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ARS Home » Northeast Area » Beltsville, Maryland (BARC) » Beltsville Agricultural Research Center » Food Quality Laboratory » Research » Publications at this Location » Publication #382204

Research Project: Development of Novel Tools to Manage Fungal Plant Pathogens that Cause Postharvest Decay of Pome Fruit to Reduce Food Waste

Location: Food Quality Laboratory

Title: A global analysis of postharvest fungal pathogens reveals temporal-spatial and host-pathogen associations linked with FRAC1 fungicide resistance

item BRADSHAW, MICHAEL - Orise Fellow
item BARTHOLOMEW, HOLLY - Orise Fellow
item HENDRICKS, DYLAN - University Of Washington
item MAUST, AUTUMN - University Of Washington
item Jurick, Wayne

Submitted to: Phytopathology
Publication Type: Peer Reviewed Journal
Publication Acceptance Date: 4/29/2021
Publication Date: 11/14/2021
Citation: Bradshaw, M., Bartholomew, H., Hendricks, D., Maust, A., Jurick II, W.M. 2021. A global analysis of postharvest fungal pathogens reveals temporal-spatial and host-pathogen associations linked with FRAC1 fungicide resistance. Phytopathology.

Interpretive Summary: Fungicides are an intricate part of agricultural systems and are a valuable asset that increases yields and agricultural efficiency. In the past 60 years, decreased fungicide efficacy has been reported due to the evolution of fungicide resistance. As the trading of goods results in the movement of fungicide resistant pathogens, growers of certain products, in particular regions, need to be aware of the potential harm of using fungicides and alternative control methods. The present study was conducted as a resource for countries, industry leaders, policy makers and farmers that are reliant on fungicides for the control of pre and postharvest pathogens. The compiled information and dataset can inform end users on the regions and hosts that are most prone to contain resistant phytopathogens and can assist decision matrices concerning fungicide resistance management strategies.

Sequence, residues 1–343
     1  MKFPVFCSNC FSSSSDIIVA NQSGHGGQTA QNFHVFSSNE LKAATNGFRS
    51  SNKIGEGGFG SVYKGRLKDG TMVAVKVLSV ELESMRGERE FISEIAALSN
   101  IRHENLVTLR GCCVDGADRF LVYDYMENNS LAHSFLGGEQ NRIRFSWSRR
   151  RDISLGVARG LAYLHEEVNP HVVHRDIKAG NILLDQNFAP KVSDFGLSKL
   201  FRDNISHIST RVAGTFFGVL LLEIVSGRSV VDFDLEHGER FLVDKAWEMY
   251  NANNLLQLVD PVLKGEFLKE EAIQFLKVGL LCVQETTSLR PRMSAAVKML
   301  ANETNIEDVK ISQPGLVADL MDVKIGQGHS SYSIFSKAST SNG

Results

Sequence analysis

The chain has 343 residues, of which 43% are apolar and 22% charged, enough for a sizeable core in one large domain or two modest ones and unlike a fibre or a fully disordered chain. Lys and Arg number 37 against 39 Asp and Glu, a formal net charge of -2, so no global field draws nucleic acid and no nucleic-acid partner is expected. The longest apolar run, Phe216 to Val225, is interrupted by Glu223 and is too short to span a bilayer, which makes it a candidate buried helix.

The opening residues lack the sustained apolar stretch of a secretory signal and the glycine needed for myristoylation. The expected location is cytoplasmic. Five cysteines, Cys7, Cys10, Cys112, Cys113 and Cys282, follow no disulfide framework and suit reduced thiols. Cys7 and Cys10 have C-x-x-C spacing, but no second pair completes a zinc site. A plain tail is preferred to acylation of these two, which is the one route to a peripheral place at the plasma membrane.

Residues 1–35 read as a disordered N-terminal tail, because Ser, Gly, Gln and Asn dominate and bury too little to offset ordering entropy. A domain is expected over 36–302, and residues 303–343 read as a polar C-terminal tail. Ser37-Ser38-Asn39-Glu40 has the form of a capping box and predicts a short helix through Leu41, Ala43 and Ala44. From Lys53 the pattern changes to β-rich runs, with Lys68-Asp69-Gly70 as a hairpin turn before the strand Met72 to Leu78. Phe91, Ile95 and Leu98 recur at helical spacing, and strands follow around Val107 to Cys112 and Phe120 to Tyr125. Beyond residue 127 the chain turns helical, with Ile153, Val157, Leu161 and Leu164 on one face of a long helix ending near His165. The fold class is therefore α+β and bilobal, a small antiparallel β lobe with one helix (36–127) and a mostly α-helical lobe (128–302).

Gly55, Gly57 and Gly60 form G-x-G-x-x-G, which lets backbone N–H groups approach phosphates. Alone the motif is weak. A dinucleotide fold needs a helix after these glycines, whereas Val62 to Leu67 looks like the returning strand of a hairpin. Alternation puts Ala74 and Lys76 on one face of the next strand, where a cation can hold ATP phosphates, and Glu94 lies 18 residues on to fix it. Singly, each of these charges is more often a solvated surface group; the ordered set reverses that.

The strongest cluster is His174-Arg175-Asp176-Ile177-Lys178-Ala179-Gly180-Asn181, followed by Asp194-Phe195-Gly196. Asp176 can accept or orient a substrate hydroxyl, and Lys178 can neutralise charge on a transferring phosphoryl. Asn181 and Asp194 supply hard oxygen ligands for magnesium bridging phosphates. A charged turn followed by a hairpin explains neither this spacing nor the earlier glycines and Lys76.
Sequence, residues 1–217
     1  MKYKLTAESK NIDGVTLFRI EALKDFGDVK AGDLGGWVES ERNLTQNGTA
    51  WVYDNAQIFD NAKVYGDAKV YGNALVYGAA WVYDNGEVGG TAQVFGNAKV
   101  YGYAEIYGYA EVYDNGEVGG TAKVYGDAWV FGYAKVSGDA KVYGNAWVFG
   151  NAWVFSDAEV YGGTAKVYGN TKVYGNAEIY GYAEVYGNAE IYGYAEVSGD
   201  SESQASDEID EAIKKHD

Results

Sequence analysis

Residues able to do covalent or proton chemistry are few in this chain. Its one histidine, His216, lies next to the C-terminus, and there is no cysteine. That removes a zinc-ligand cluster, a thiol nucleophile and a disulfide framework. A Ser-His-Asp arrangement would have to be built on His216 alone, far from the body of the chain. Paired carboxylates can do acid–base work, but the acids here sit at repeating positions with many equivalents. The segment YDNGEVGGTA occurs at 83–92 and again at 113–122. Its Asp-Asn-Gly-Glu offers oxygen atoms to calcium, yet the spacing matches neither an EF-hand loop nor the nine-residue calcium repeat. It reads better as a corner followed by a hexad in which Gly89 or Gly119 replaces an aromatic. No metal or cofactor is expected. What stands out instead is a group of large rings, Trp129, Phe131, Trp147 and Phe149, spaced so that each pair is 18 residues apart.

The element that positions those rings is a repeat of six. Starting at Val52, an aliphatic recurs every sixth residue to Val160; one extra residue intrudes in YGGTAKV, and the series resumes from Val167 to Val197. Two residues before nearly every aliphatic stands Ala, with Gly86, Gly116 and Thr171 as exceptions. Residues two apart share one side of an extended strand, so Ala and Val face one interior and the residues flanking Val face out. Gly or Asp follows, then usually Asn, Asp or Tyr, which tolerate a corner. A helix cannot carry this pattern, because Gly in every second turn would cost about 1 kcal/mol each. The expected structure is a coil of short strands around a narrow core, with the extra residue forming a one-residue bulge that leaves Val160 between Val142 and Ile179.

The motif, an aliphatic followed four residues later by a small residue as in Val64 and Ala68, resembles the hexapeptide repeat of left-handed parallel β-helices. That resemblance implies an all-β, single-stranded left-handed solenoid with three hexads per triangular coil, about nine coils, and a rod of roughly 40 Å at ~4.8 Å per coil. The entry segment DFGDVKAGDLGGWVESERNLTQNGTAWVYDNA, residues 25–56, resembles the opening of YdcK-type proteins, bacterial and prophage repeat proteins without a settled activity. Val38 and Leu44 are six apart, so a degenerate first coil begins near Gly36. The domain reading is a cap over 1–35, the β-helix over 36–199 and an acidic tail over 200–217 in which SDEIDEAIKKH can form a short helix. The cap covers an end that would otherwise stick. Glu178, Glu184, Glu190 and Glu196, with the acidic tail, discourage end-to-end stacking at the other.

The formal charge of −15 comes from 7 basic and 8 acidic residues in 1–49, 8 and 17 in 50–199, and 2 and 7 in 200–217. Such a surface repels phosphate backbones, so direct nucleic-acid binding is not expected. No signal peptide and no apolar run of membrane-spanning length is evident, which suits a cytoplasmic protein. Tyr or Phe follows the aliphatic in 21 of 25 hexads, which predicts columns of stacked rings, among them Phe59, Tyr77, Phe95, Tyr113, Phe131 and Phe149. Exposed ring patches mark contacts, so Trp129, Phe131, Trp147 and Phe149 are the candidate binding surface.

Technical Abstract: Fungicides are a valuable tool for the agricultural industry to control a wide range of pre and postharvest fungal pathogens. First reported in the 1960’s, fungicide resistance is a prevalent problem that is reducing fungicide efficacy. In the current study we conducted a meta-analysis, defined as a study that synthesizes previously acquired data, to evaluate patterns of fungicide resistance throughout the world. In total, data was acquired from 2647 specimens from GenBank and from 203 peer reviewed references. We revealed that there is an association between fungicide resistance with the year an isolate was collected, the pathogen genus, the pathogen host and the collection region. Fungicide resistance was revealed in 34 different fungal species on 36 hosts from 24 countries, revealing that fungicide resistance is globally distributed in a variety of pathosystems. Future research can use the data to make inferences on the amount of fungicides used, the probability and speed at which resistance develops in a population, and to generate predictive models concerning movement of fungicide resistance through space and time.